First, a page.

### valid inference rules, as follows:

Module #2 - Proofs

### The Proof in Gory Detail

### •• Statement Statement How obtained How obtained 1.

### 1. ∀ *∀xx, , TT((xx) ) → * *→ E* *E((xx))* **(Premise #1)** **(Premise #1)** *22 T* *T(Ramesh) →* *(Ramesh) → E* *E(Ramesh)* (Ramesh) **(Universal** **(Universal** *2.*

*2. T* *T(Ramesh) → * *(Ramesh) → E* *E(Ramesh) * **(Ramesh) (Universal ** **(Universal ** **instantiation)** **instantiation)** *3.*

*3. T* *T(Ramesh)* (Ramesh) **(Premise #2)** **(Premise #2)** *44 E* *E(Ramesh)* (Ramesh) **((Modus Ponens** **Modus Ponens from** **from** *4.*

**((Modus Ponens**

**Modus Ponens from**

*4. E* *E(Ramesh)* (Ramesh) **((Modus Ponens** **Modus Ponens from ** **from **

**((Modus Ponens**

**Modus Ponens from**

**statements #2 and #3)**

**statements #2 and #3)**

Module #2 - Proofs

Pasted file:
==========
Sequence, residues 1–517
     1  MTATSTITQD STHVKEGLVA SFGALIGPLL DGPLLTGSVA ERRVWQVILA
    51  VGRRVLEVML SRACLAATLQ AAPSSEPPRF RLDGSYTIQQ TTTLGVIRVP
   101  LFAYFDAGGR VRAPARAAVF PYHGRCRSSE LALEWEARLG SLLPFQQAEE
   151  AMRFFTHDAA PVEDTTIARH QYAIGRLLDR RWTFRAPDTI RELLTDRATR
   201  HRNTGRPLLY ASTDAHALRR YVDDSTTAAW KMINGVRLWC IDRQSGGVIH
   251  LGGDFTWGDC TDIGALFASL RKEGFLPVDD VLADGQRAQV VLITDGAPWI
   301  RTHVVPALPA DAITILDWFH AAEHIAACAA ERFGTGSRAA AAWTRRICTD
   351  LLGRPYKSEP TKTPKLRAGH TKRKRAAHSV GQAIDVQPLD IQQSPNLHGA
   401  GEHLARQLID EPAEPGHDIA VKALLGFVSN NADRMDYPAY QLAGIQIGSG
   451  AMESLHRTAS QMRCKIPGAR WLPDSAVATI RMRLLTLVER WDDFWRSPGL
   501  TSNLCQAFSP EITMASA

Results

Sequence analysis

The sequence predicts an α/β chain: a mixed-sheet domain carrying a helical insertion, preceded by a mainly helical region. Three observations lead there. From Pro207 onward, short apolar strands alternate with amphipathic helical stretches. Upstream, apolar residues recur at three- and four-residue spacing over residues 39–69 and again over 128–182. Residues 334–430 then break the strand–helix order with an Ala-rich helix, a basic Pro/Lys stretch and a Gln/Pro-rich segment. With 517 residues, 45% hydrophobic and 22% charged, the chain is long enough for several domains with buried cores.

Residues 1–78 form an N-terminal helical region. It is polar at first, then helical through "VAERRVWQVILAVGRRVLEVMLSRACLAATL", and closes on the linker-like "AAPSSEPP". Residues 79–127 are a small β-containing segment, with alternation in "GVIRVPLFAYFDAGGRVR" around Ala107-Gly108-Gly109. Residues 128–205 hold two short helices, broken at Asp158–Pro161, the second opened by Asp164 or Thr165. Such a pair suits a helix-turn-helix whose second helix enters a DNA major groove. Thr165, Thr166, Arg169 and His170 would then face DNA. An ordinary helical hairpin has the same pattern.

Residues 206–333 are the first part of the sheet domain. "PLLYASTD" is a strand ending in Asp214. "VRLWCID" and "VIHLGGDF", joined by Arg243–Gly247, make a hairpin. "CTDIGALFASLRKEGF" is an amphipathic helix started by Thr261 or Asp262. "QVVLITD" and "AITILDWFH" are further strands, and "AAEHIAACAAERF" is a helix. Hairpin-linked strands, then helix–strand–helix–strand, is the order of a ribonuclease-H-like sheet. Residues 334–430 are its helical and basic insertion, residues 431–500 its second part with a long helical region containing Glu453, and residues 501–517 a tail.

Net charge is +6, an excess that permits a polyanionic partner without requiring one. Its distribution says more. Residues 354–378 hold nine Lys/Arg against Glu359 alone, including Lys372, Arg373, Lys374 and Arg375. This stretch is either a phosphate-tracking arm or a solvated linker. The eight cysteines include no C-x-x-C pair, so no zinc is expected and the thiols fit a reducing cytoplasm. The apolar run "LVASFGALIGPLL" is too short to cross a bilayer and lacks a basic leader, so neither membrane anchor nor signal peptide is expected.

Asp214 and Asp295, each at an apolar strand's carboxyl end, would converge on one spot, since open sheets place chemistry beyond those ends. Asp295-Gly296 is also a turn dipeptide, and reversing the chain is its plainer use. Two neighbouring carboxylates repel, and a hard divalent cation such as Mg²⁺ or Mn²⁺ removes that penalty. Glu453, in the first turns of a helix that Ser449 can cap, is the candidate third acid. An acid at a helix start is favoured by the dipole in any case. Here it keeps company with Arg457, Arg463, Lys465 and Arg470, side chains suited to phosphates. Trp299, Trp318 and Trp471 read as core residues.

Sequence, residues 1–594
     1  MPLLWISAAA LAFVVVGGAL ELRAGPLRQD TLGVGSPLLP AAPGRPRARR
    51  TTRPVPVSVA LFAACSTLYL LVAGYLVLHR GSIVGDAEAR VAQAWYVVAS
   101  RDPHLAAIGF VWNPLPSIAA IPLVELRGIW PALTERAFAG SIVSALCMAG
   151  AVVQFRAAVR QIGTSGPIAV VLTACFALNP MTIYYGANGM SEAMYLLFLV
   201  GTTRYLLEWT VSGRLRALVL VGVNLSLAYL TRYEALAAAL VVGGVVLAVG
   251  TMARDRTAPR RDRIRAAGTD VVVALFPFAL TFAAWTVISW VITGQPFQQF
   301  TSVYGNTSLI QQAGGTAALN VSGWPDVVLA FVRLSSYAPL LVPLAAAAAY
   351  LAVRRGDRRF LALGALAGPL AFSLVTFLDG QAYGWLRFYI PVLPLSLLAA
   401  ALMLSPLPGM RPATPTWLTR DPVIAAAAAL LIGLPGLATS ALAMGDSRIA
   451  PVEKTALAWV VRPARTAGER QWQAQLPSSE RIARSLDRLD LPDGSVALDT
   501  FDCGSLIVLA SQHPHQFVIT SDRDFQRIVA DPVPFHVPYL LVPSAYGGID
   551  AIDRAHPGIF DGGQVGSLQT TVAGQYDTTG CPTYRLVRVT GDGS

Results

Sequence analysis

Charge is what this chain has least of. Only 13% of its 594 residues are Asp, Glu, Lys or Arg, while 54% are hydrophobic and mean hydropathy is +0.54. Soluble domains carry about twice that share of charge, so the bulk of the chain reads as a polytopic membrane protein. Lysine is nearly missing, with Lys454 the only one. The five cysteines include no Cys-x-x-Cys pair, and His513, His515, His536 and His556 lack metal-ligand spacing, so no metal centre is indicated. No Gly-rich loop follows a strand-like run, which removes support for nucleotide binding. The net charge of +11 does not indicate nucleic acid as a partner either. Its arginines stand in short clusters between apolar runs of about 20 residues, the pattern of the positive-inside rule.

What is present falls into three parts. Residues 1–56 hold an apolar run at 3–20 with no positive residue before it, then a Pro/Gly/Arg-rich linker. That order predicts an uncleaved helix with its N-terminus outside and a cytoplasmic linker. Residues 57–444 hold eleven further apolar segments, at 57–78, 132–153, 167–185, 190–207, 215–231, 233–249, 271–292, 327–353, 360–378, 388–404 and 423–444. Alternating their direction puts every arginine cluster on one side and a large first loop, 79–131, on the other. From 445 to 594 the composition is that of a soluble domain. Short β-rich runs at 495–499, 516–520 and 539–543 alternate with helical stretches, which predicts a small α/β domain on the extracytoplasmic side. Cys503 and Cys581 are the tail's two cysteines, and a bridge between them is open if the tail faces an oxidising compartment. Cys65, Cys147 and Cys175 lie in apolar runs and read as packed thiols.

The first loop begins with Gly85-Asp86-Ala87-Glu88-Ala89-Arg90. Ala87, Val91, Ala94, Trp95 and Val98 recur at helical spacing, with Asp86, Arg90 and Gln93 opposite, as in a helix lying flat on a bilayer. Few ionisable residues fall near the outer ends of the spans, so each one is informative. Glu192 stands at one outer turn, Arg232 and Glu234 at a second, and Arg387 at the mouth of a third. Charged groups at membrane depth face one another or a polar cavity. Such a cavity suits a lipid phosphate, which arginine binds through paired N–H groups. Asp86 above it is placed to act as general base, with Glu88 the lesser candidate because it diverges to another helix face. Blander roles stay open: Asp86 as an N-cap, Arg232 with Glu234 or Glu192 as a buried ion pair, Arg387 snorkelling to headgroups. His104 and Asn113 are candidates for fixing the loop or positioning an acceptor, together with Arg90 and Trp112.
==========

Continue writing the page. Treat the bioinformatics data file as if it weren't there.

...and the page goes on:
### Another example

•• Quiz question 2b: Correct or incorrect: At least Quiz question 2b: Correct or incorrect: At least

f h 280 d i h l i i lli

f h 280 d i h l i i lli

one of the 280 students in the class is intelligent.

one of the 280 students in the class is intelligent.

Y is a student of this class. Therefore, Y is Y is a student of this class. Therefore, Y is i lli

i lli

intelligent.

intelligent.

•• First: Separate premises/conclusion,First: Separate premises/conclusion,

& translate to logic:

& translate to logic:

–– Premises: (1) Premises: (1) ∃∃xx InClass(*InClass(xx) *) ∧∧ Intelligent(*Intelligent(xx))*
(2) InClass(Y)

(2) InClass(Y) –– Conclusion: Intelligent(Y)Conclusion: Intelligent(Y)

Module #2 - Proofs

### Answer

•• No, the argument is invalid; we can disprove it No, the argument is invalid; we can disprove it with a counter

with a counter--example as follows:example as follows:

with a counter

with a counter example, as follows:example, as follows: